No more dare

“I need some space, I need my own place – that’s why I’m here, with this bottle of cheap beer.”

Not yet 9.00am.

Do I walk on with my dog-walk plan, or pause awhile and share a smile?

Experience advises in sternest tones that to booze alone before 9.00am … this will never end well.  Experience and I chat within my head, all the while I’m smiling as I listen to this man met.  A tale familiar – of down on his luck.  Heard before from others who’ve been told “no” far too much.  I thank Experience and invite it to learn, as I sit right down.  Me and our dog – and this man called Brown.

Odd how the life story is always of woe.  Of choices made well that end in a smell.  Of years that pass by with the odd lass now and then – but not one that lasts – and never a real why.  Of jobs and income once great now gone – now too late.  Like a cork afloat, this life pushed here, this living pushed there.  And now – no more dare.

As he talked and I just listened, he talked of skills I thought might fit.  Skilled jobs at home but too small to appeal to the busy firms booked up months ahead – not ideal.  I floated a thought, when the words paused for a breath, that Brown and our jobs might be a good deal.

He thought so too, and assured me eye to eye, that no beer when working would I see or fear.  And I right quick, still eye to eye, assured him back I feared not his beer.  So we shook hands affirming this Brown and I.  Agreed Brown would call later that same day. Proper rates I repeated twice to Brown – skilled work needs pay parity – and this offer is not of charity.

I unsquatted with well creaky knees and we said bon adieu.  Brown said he’d bring his dad to keep him in check.  I said okay but it is Brown who has my respect.  He said he would finish his beer and head home for his dad.  He said they would see us sooner than a normal quite soon.  Another hand-shake and adieu and I took our dog and her delayed dog-walk.

We can’t fix the world, my dog and me, we can’t cure all that’s in it, even that my dog can see.  We can’t cure poverty, there will always be woe, we can’t make choices for others, no matter how low.  We will never heal all the sick, for when bodies are fine the minds may stick, and when minds are healed the bodies may trip.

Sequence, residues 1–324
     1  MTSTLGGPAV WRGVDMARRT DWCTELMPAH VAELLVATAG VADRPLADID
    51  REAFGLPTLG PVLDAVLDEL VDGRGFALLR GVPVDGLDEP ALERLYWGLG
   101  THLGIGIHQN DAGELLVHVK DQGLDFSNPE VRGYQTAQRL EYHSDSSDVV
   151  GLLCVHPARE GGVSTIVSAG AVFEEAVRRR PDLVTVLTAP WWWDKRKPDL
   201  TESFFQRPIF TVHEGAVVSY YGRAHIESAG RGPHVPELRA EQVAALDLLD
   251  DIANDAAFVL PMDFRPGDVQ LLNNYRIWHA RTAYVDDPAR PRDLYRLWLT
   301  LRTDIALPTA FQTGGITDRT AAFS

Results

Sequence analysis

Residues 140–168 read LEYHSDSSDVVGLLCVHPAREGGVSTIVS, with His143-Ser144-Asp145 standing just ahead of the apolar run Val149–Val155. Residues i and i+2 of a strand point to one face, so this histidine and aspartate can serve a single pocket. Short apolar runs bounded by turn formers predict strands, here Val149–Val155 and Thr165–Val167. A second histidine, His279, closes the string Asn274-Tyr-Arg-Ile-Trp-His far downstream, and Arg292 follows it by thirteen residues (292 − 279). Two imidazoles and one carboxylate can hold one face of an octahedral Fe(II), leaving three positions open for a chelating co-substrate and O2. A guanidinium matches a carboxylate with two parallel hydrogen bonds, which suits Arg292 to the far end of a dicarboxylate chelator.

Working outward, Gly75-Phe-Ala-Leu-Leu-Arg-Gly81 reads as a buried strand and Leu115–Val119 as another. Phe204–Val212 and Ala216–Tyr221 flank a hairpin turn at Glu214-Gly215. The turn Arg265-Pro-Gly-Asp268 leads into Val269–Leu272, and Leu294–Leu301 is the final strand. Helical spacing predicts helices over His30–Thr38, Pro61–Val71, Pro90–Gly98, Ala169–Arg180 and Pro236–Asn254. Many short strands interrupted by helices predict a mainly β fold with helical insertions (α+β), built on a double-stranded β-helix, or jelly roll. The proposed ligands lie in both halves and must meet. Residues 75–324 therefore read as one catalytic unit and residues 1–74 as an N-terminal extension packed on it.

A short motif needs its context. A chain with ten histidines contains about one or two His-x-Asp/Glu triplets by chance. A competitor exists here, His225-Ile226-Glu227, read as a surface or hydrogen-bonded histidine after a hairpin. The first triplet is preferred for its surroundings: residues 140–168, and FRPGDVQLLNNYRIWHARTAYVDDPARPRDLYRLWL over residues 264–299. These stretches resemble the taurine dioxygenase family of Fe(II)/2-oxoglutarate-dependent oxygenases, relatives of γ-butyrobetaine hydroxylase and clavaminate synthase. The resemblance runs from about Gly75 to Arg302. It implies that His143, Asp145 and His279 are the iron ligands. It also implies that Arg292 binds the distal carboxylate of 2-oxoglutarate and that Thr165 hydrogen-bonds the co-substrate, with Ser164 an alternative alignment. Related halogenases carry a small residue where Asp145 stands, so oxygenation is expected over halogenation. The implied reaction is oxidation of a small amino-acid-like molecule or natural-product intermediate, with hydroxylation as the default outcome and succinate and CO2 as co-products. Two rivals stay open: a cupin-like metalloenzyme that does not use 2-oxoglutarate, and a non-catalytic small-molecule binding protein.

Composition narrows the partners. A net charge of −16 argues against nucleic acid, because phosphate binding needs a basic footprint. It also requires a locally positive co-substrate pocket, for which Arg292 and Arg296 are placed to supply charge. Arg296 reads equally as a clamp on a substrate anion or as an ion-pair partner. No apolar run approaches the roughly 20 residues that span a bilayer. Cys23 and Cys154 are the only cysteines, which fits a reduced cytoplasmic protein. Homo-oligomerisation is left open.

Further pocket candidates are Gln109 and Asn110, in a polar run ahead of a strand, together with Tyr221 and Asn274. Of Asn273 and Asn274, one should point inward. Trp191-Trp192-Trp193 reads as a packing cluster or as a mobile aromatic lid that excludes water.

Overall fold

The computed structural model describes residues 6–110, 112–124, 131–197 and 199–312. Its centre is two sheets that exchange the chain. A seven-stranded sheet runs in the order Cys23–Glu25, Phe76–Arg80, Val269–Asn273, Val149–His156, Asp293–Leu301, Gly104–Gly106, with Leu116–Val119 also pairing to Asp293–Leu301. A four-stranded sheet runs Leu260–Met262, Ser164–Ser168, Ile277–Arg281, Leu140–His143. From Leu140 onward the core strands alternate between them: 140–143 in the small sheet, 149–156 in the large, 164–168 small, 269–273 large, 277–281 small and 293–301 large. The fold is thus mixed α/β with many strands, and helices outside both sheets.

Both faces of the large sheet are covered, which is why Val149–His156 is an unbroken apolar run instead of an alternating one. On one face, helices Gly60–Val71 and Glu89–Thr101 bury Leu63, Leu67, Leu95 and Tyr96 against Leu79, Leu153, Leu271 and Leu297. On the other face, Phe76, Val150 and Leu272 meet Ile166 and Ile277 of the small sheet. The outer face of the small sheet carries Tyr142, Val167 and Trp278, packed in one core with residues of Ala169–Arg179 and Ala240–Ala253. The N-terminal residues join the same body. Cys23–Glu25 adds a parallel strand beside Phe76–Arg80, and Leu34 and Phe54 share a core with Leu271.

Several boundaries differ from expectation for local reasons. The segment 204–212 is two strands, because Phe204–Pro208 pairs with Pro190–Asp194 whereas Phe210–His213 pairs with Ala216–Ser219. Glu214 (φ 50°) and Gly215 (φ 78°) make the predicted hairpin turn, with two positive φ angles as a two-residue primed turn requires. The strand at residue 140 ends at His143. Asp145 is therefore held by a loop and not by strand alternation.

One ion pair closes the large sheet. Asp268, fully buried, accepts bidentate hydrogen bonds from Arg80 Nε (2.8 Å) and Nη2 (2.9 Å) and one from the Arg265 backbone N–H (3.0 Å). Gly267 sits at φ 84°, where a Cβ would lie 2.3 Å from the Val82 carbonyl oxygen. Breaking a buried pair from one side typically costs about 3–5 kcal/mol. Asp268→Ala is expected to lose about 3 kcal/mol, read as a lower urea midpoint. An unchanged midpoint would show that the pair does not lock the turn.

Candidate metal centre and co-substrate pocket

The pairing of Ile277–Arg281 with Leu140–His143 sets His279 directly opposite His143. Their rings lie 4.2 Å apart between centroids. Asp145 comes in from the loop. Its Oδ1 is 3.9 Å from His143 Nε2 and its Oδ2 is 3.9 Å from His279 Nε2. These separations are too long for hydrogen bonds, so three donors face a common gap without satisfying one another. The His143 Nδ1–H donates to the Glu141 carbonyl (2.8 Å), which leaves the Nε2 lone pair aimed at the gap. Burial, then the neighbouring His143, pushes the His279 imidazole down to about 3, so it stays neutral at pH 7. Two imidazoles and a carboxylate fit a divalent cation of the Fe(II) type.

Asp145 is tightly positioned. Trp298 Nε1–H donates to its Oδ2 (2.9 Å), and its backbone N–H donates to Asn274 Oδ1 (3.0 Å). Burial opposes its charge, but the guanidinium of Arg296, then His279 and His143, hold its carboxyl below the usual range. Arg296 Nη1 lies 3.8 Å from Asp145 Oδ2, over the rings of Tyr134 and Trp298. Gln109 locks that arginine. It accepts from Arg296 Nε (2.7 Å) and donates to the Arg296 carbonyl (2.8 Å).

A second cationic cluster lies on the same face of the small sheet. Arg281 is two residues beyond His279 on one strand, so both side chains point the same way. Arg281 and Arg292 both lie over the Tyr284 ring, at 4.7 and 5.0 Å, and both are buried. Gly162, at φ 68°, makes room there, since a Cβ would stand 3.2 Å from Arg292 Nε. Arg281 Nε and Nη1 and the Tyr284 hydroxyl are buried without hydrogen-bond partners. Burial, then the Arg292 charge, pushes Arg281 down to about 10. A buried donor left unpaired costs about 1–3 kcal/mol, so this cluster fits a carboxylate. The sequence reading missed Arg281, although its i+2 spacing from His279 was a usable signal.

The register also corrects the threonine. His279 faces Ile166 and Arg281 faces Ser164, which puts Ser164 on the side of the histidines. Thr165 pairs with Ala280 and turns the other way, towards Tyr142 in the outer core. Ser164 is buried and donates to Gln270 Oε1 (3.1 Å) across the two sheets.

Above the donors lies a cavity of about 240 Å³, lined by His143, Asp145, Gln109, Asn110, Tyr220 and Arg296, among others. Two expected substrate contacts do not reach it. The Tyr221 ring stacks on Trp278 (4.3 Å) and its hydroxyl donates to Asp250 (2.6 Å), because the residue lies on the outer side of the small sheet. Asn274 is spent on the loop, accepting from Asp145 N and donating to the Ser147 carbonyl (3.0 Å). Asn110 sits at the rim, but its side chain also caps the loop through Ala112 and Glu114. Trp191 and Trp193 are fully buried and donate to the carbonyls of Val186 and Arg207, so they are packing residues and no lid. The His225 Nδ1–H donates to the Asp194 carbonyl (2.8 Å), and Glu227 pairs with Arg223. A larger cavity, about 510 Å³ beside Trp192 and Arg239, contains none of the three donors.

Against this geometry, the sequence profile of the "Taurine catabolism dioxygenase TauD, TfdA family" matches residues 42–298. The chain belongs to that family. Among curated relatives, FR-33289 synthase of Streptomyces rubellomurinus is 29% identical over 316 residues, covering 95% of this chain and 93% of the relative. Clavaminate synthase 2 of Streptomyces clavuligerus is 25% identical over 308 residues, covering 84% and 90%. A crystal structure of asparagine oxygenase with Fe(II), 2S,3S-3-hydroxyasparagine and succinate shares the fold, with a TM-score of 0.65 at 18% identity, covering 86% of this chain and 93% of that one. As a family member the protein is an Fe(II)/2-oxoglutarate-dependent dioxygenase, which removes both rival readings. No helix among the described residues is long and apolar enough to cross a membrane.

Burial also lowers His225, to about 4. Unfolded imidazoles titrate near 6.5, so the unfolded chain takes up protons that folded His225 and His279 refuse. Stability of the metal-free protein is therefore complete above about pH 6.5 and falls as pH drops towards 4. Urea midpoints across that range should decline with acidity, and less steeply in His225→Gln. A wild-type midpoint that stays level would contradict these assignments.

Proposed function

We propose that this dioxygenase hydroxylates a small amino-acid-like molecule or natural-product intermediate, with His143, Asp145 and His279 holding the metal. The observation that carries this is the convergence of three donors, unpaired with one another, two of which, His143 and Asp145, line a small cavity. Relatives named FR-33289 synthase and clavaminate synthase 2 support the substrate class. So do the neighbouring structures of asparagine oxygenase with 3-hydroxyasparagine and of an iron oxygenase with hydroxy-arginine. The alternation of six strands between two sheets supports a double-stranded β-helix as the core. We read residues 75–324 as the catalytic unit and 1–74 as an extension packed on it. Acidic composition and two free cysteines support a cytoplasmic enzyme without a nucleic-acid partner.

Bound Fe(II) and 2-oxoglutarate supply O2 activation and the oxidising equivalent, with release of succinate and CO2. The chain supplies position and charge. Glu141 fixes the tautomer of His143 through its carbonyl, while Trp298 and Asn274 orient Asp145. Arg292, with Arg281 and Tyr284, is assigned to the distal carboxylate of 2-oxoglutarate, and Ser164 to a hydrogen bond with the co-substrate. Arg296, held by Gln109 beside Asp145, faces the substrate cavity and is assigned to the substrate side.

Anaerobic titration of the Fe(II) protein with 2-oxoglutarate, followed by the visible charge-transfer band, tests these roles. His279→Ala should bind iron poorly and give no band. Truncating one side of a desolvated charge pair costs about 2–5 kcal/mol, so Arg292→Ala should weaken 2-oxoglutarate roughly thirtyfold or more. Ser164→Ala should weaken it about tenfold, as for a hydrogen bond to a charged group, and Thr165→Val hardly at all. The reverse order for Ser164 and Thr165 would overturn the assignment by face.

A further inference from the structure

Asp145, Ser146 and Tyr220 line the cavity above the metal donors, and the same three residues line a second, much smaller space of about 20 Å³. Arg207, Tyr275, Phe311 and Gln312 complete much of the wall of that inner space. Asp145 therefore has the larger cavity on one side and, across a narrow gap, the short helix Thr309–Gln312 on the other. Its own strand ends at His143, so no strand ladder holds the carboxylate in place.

So my dog and I will keep walking on, for that is what she needs.  Yet we may stop and share without a care, when experience advises not to stand and stare.  I have no wish to save the world and all therein.  For that is work and I know I will shirk.

But I remember this morning as I stopped to chat … something other than experience offered a thought.  A whisper I know well – a sense of words.  A voice of love – a knowing purred.  An invitation to offer pay parity and not just cheap charity.  A thought not of worldly experience or my staying safe.  But a loving confidence of connection that is always a safe place.

Brown never showed later. I may never know why.

But I do know this.

Today was choice and not just chance.  Like a pebble plopped in a flat calm lake.  With ripples of choice we always must make.  Of choice or no choice – a cup I must take.

I can’t cure the world for that is work.  But I can make choices that are choosing of hope.

I have a thing about charity – so often gets in the way – lets me pass you by without any eye to eye.  It so often offers me no change – through shedding small change.  And it tells you much with my no eye to eye – just some change I can spare because I care (obviously).

That’s why I’m glad of today – me and Brown.

Neither of us looked down


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